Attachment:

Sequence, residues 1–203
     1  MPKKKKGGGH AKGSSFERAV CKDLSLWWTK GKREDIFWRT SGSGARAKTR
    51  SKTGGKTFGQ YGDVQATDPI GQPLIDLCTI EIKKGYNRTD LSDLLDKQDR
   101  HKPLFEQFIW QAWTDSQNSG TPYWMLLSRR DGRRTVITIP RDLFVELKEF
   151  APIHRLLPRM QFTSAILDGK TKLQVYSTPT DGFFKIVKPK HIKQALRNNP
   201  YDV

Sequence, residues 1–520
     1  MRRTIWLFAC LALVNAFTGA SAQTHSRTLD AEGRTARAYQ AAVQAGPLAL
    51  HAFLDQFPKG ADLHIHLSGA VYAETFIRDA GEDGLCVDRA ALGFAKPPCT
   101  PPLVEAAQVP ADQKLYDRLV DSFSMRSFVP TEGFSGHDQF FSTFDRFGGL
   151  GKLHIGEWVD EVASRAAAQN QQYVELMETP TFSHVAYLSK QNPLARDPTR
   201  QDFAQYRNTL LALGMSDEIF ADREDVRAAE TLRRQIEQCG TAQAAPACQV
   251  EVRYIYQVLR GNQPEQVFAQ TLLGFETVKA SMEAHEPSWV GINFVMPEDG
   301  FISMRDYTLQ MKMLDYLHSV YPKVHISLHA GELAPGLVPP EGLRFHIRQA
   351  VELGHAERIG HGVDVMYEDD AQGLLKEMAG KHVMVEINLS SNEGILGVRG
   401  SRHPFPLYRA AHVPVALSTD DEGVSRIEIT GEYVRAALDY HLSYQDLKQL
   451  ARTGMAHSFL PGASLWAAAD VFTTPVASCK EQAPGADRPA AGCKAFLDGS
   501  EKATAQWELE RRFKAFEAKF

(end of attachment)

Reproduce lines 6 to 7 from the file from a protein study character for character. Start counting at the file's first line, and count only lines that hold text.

   201  YDV

Sequence, residues 1–520